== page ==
Jack immediately starts to realize that the lovely father-son bonding story that Lucifer spun for him may not be quite true. He demands to know what Michael meant, and Dean and Sam fill in the blanks, telling Jack that Lucifer killed Maggie and what he plans for humanity. Lucifer of course denies it, trying to pull Jack back to his side, but Jack has way more power than any of us suspected. He stretches out his hand toward Lucifer, and as Lucifer’s eyes turn into glowy starbursts (very cool, VFX wizards!), Jack demands that Lucifer tell him the truth.
And he does! Lucifer confesses that he killed Maggie.
Lucifer:… So I crushed her skull with my bare hands, and it was warm and wet… and I liked it…
Jack is horrified.
Jack: You’re not my father, you’re a monster!
Lucifer, realizing that his ploy has failed, breaks into a ROAR of pure rage. He knows he’s lost and he is probably also realizing that Jack is so much more powerful than him that he wouldn’t have had the upper hand for long.
And in that moment, we see once again the true face of the devil.
The show chose to portray Lucifer as an almost likable character at some points in this season. At times, I’ve complained about that, questioning whether a redemption arc was coming and very much opposing that. In a recent episode, Lucifer seemed truly hurt in his conversation with Gabriel, so much so that a tear slipped out – and Gabriel was no longer there, so it wasn’t even a ploy. I’m still a little confused about that. I felt like my emotions were being manipulated at the time, and I didn’t know what to make of it or what to expect from the rest of Lucifer’s arc this season.
Now that it’s all played out, I think I’m going to give Show the benefit of the doubt and say that it was brilliantly done. There’s a thing that psychologists recognize called ‘parallel process’, which means that sometimes the things that are challenging your client in their lives start playing out similarly in the therapy relationship. I feel like that’s sort of what happened here. Lucifer, the master of all master manipulators, lured me in at the same time as he lured Jack in. I started to doubt whether all of him was evil, or if at his core he was a wounded being who despite the horrible things he’d done (because I could never put those aside), genuinely wanted a relationship with his son. I started to doubt, and of course that’s exactly how a master manipulator gets under your skin.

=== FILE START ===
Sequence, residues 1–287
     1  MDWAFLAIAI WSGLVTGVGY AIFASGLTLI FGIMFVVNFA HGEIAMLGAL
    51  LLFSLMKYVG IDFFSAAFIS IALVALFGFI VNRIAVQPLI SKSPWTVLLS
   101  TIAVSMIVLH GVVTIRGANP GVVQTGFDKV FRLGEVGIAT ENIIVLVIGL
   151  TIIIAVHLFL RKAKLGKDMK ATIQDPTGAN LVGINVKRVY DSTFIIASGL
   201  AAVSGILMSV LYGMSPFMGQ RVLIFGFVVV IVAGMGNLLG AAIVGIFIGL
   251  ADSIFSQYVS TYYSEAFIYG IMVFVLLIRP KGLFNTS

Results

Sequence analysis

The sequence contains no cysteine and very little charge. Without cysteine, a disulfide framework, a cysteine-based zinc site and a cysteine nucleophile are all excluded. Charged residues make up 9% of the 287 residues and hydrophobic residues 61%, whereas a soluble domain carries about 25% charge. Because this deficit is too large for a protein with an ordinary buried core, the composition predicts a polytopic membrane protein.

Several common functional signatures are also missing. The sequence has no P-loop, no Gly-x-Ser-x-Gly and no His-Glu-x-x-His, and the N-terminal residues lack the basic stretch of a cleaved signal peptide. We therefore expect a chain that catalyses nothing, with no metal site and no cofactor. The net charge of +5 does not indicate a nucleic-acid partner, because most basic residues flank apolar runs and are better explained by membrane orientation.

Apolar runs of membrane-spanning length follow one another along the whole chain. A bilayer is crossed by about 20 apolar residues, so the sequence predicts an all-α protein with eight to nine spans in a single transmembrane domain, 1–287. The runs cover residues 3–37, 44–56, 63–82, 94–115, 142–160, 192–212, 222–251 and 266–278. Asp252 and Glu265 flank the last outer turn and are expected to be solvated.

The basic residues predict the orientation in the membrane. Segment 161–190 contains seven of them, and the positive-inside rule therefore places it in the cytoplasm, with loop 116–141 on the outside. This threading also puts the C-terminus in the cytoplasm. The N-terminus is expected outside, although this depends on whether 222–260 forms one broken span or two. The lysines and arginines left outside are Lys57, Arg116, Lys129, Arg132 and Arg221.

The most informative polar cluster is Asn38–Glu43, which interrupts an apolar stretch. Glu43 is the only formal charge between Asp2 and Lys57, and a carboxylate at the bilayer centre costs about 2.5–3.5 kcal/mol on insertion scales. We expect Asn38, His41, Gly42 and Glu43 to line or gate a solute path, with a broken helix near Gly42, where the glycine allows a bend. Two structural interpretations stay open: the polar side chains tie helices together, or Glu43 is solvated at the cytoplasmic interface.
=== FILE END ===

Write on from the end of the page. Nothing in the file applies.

The beauty of Lucifer’s arc playing out that way is that in this episode, when Lucifer shows his true nature and his true colors once again, I felt a small version of that same sense of betrayal and foolishness and fury that Jack felt. It feels horrible to be played, to be fooled. To let yourself start to believe in someone’s good intentions and then to find out that they were just using you all along. In this episode, as Jack learns the awful truth about his father, my own emotions about that betrayal made witnessing Jack’s pain all the more powerful. So kudos to Mark Pellegrino and to the writers for taking me on that unwanted journey, because even when it’s unpleasant, that’s good storytelling.
Once Lucifer gives up the pretense of wanting to be the good guy, he returns to the sadistic, cold, cruel being that he was when we first met him. I was horrified by how he treated Jack, how quickly he turned on a dime and showed absolutely no remorse. Not even a lingering ambivalence when it came to his son, which I couldn’t help but see as the same as the coldhearted rejection of so many parents of abandoned or abused children. I literally sat there with my hand over my mouth in horror. And again, as much as I hated that feeling, that is good story telling. I CARE about Jack, so it was excruciating seeing his father turn on him.
Lucifer: I tried with you… I told you what you wanted to hear, man. We could’ve been better gods than Dad.
Lucifer denigrates humans, and Jack protests that he too is part human.
Lucifer practically spits the next insult at him: You’re too much like your mother.
It’s so clear what he’s doing, how he’s already labeled Jack as “other” so he can destroy him. So that any real affection he did have for Jack is eradicated. It was so painful to hear, because for Jack, who is struggling with his identity development and figuring out who he is, his own father just rejected him as an unworthy, unlovable, worthless person. It happens in real life too, and it’s no less heartbreaking.
Lucifer makes the rejection explicit. And devastating.
Lucifer: I don’t want you, I just need your power.
Me: OMG, Jack!
He slices Jack’s throat and steals his grace, leaving Jack weak and helpless.
Sam, who really does love Jack as a son, leaps forward to try to save him.
Cas tries to intervene, and is thrown to the floor.
Lucifer, Jack and Sam disappear, leaving Dean yelling “Sammy!” again, to no avail. He looks devastated.
Me: OMG what just happened?!
Dean: What just happened?!
Me: That’s exactly what I just said!
Michael (crumpled on the floor): The devil won.
Archangels are the shiftiest most manipulative dicks ever, because I think Michael knows just how to goad Dean into doing something he might regret.
Michael: Lucifer has all the power now. He’ll kill the boy – and your brother. This is the end…of everything.
Anyone who knows Dean Winchester even a little bit knows that is the thing to say to get Dean to do whatever it takes to stop that outcome. Sam is in mortal danger, and Dean has proved again and again that he will go to the ends of the earth to save his brother. Jack, who Dean considers family, is in danger. And to top it off, the whole world will probably be ending. How can he NOT do something?
Dean looks anguished, and Jensen Ackles shows us every moment of his agonizing decision. When he turns his gaze to Michael, you can see Dean’s resolve – and his heartbreak.
Dean: What if you had your sword?
Castiel: Dean, no!